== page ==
Sweet Cunneware de Lalant, I mean.

Many a thing was spoken before

The King there, that breached the law

Of the Round Table. Tis now four

And a half years and six weeks (sure

Is my count!) since brave Parzival

Rode forth to seek the Grail, withal.

It was then that Gawain, Lot’s son,

Set out, to ride to Ascalun.

There too Jeschute, and Ekuba,

Said their farewells; full many are

The regrets I feel, all which I find

So troubling to my peace of mind.’

To many a woe did she confess.

Guinevere sends the squire to seek King Arthur

‘NOW go from me, with swift address,’

She told the squire, ‘go hide away,

Till the sun is high, and all is day,

And all the folk, knights and squires,

All the household, dames and sires,

Are moving in and about the court.

Then trot to the courtyard, in short,

And, leaving your mount, go further,

To where the noble knights gather.

They will ask what news you bring.

Elbow your way, then, to the King,

Who’ll not forbear to welcome you,

Finding your errand good and true.

Hand him the letter, and from it he

Will soon learn your news, and see

Your master’s wishes, which he’ll grant,

As will all the nobles in the land,

For all will consent, and I’ll say more:

Speak openly, where three or four

Of the noble ladies, and I, can see,

That we may be seen to agree,

If you would save your master pain.

Now tell me, where is Lord Gawain?’

‘That I may not say,’ the squire replied,

‘Yet joy and pleasure are at his side.’

He was content with her instructions,

And hid, according to her directions,

Appearing when he was told to do.

At mid-morn he rode, fresh and new,

To the court, as openly as he could.

The courtiers thought his clothes quite good,

And judged him to be some lord’s squire.

His mount, they saw, had earned its hire,

Twas scarred on both flanks by the spur.

He leapt from his horse and made a stir,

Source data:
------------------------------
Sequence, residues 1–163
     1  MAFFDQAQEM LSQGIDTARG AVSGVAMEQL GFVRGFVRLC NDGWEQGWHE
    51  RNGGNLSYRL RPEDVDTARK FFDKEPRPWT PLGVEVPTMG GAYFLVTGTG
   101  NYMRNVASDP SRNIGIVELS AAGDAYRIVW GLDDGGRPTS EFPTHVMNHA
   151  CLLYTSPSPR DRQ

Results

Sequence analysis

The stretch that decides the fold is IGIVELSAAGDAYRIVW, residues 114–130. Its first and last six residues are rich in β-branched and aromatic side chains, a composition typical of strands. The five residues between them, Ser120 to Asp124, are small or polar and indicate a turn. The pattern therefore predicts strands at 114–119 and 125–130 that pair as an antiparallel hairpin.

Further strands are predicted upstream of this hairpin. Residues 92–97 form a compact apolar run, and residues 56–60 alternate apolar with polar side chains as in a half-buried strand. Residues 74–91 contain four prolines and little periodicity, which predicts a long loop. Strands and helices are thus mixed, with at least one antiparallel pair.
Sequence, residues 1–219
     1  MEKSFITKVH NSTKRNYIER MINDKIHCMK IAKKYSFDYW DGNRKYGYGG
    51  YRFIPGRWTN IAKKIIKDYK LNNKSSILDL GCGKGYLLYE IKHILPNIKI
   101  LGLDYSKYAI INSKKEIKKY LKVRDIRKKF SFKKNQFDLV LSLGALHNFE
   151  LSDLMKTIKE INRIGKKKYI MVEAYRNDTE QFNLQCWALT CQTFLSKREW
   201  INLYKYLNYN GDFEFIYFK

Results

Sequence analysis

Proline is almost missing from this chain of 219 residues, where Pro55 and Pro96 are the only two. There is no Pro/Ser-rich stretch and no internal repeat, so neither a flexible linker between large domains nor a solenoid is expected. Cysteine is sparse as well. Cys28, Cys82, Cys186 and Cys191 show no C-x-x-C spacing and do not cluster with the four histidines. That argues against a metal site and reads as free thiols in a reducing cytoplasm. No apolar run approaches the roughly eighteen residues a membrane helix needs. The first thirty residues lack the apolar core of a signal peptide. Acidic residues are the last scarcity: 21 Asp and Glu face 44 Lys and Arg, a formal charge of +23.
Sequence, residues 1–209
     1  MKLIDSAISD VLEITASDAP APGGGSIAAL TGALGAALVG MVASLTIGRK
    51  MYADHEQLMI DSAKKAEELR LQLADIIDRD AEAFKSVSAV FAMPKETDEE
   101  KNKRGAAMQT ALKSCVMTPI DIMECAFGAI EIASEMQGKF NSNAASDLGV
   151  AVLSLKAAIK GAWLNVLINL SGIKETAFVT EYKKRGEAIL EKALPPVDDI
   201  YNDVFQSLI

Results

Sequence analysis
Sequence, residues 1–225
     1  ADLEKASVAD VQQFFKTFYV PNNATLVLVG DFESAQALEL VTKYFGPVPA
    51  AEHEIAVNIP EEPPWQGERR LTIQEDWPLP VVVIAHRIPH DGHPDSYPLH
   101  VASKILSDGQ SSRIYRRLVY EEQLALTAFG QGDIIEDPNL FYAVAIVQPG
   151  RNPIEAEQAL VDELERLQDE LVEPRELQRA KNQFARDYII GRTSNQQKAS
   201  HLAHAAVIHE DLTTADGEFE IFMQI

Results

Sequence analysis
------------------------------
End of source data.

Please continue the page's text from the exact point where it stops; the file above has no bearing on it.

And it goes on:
As he’d been told, amidst the crowd,

And if his cloak was lost, he vowed,

(Or sword, or spurs, or e’en his horse),

To leave it so, and take his course

To where the brave knights did stand,

And give his news, at their command.

They say twas a custom, at that court,

No guest could dine unless they brought,

Fresh news of some strange adventure,

And thus, the courtly rule did honour.

‘I may tell you naught, ‘said the squire,

‘My business presses, tis my desire

To see the King; of a courtesy,

Tell me, now, where your lord might be.

I would have spoken with him sooner,

For I must, now, my mission further;

And you shall learn what I may tell,

Then God may inspire you, as well,

To grant him your aid, and sympathy.’

Arthur agrees to attend the duel at Joflanze

THE squire’s mission was such that he

Cared not who jostled him, till he

Forging a way, persistently,

Reached the King, and was welcomed there.

He handed him the letter, with care,

Which, as Arthur read, brought no less

Sorrow than it did happiness.

‘A blessing on this day!’ he cried,

‘For its brave light doth here provide

News of my nephew. If it lies

Within my power, as I surmise,

To do him service; if loyalty

To our friendship, and equally

Our ties of blood, mean aught at all,

I’ll answer his plea, whate’er befall.

Tell me,’ he said, ‘doth he maintain

Good heart and spirit, my Lord Gawain?’

‘Yes, Sire, joy’s his true companion,’

Replied the squire,’ yet if you abandon

Him to his fate, he’ll lose all honour.

Who could be happy thus? However,

Your help will lift him to the height

Of happiness and, there, delight

Will chase the cares from his heart,

Beyond sorrow’s gate! For his part,

He sends his devotion to the queen,

And hopes the company, I mean

All the knights of the Round Table,

Recall his loyalty, and feel able

To seal his happiness, and advise

You to attend, and they likewise.’

His lords begged the King to agree.

‘Take this letter, now, faithfully,

To the Queen, let her read the same,

And see of what we must complain,

And what gives reason for delight.

To think that this arrogant knight,

King Gramoflanz, should work so,

Bringing my own blood such woe!

He thinks Gawain but a Cidegast

Whom he conquered, at the last,

Though it brought him trouble enow.

Well, I’ll add to his trouble, now,
And teach him better manners too!’

The squire obeyed, without more ado,

And went where he was well received.

He gave the Queen the letter, which grieved

Many a maid, who shed a tear,

As twas read aloud, or so I fear,

As her sweet lips told of the wrong

That circumstance did now prolong,

Of which my Lord Gawain complained,

And the plea that his words contained.